Patients with rectal prolapse generally present with fecal soilage, prolapse of tissue through the anal sphincter complex, mucoid discharge, and bleeding. Prolapse exposes rectal mucosa externally that can secrete a significant amount of mucus, leading to perianal soilage, excoriation, and pruritis. Bleeding is a result of mucosal trauma or venous congestion. Patients with internal (occult) prolapse experience sensations of incomplete rectal evacuation, tenesmus, and rectal pain.
Rectal prolapse is associated with comorbidities that include senile dementia, neurological disorders, infectious disorders, connective tissue disorders, and bulimia nervosa. In addition, rectal prolapse is associated with straining, constipation, previous gynecological surgery, and anal incontinence. Straining in men and younger women may displace the anterior wall of the upper rectum against the anal canal and cause trauma, leading to ulceration, irritation, and bleeding and ultimately the development of a solitary rectal ulcer. reported that 18% of patients with prolapse reported straining and 42% had constipation, consistent with the 15% to 65% reported in the literature. Solitary rectal ulcer was found in 12% of patients with rectal prolapse. Previous gynecological surgery is often present in the setting of rectal prolapse; we found 35% of our patients had undergone a previous hysterectomy and 38% of our patients were incontinent.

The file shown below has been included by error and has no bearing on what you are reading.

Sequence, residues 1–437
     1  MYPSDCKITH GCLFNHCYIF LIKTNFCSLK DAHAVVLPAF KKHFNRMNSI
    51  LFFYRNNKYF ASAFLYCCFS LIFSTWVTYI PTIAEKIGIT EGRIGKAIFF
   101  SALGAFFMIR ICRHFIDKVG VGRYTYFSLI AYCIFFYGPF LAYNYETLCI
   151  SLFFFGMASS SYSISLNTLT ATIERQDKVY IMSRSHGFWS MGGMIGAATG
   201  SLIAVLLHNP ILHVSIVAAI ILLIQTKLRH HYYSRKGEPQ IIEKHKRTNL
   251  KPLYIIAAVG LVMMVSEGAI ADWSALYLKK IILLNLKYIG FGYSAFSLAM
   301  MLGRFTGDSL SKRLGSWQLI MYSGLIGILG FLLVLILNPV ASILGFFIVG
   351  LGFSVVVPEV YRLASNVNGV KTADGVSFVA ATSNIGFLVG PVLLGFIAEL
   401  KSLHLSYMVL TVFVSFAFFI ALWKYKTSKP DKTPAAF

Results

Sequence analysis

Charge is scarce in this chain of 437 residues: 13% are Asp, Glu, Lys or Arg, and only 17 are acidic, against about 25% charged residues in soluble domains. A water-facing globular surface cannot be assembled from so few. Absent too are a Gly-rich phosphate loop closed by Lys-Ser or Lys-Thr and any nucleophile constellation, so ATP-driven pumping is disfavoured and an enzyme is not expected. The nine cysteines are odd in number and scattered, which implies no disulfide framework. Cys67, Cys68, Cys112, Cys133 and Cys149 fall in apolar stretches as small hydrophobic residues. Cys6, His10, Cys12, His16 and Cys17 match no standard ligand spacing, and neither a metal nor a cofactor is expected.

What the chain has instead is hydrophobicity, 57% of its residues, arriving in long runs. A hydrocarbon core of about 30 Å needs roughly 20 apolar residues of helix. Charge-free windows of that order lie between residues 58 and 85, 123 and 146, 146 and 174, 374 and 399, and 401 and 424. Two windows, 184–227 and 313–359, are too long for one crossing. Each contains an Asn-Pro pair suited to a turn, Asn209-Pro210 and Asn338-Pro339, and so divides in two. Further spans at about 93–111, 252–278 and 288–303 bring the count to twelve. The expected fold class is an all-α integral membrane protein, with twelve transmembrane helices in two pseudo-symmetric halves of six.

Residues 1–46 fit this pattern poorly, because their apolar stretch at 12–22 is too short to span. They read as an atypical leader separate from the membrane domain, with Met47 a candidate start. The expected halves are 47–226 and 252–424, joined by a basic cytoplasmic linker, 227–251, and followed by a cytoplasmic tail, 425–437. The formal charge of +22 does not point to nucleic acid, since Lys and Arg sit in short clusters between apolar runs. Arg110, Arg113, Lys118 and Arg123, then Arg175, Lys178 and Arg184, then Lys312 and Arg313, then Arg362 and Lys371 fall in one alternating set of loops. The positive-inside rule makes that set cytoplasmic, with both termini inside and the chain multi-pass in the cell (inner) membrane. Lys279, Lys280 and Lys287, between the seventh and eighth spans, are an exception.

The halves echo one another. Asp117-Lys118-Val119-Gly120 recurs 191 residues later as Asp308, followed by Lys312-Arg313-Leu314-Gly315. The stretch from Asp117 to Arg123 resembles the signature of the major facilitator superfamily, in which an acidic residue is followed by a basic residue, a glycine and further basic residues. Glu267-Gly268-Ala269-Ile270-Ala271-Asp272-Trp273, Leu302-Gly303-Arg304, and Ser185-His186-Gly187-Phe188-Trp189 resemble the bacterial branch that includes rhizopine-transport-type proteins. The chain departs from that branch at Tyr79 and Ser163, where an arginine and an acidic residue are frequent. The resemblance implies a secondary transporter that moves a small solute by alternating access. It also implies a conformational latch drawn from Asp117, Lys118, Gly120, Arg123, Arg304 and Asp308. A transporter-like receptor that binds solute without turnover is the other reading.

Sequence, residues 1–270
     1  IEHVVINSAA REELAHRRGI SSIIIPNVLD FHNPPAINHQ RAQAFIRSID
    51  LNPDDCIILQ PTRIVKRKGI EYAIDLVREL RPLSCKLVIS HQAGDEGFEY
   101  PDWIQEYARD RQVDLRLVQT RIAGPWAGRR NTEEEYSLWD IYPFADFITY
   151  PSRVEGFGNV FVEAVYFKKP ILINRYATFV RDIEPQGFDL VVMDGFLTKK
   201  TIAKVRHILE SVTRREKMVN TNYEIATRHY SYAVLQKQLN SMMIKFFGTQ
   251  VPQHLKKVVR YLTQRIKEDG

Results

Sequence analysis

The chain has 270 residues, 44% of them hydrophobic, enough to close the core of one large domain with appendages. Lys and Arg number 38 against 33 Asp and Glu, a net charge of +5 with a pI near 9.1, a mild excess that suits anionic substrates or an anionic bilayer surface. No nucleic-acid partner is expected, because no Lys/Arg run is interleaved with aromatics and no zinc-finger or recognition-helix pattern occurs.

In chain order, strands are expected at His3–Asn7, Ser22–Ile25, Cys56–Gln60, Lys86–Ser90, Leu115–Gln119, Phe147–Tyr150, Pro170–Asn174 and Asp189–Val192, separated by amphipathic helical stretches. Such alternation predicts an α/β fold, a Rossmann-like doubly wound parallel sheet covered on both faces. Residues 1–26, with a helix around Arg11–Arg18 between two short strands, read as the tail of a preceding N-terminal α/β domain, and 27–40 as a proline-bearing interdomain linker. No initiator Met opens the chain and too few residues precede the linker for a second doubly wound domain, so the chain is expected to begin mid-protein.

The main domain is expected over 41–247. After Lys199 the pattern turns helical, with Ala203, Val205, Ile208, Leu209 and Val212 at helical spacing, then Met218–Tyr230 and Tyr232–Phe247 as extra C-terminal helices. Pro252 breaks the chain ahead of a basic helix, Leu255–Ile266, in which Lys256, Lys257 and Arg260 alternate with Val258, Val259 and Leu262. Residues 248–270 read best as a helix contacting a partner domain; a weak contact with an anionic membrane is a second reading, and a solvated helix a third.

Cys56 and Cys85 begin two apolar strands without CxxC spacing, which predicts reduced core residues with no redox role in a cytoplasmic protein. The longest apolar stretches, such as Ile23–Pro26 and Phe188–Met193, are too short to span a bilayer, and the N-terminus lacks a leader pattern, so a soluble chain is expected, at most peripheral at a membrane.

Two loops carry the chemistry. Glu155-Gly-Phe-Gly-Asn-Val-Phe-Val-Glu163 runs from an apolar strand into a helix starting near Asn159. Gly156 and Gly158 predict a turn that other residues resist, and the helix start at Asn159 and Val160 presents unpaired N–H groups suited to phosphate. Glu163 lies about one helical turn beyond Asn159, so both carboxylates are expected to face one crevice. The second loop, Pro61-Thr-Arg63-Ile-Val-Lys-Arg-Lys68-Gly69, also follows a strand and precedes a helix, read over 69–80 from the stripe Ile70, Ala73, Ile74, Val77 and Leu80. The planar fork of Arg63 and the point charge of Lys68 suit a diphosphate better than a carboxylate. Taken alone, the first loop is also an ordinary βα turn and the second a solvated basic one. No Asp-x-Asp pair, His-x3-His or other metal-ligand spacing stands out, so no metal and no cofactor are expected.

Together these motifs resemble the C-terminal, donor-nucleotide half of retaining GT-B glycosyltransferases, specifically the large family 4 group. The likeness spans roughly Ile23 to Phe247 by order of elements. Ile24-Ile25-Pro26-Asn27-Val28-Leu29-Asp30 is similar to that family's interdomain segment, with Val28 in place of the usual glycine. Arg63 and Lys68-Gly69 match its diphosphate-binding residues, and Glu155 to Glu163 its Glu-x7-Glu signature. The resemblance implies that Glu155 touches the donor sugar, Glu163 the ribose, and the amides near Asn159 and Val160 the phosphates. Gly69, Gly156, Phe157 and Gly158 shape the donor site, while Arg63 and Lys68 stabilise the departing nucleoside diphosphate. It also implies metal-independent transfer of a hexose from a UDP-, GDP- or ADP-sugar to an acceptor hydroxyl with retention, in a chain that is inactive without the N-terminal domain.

A complete assessment of female patients with rectal prolapse should include evaluation for constipation, urinary and fecal incontinence, and other pelvic floor disorders such as uterine prolapse, rectocele, cystocele, or enterocele. Staged or combined surgical correction of pelvic floor disorders, should they exist concurrently, is imperative for resolution of symptoms.
Evaluation of patients with rectal prolapse should begin with a complete history and physical examination. A careful evaluation is essential to confirm the diagnosis and to provide information to determine the best surgical approach. Age, level of activity, comorbid conditions, and living conditions are important issues in determining the best approach to surgery in each patient. A neurological, obstetrical, and surgical history, including prior hysterectomy and prolapse repairs, should be performed in all women. Symptoms related to fecal and urinary incontinence and constipation should be especially emphasized.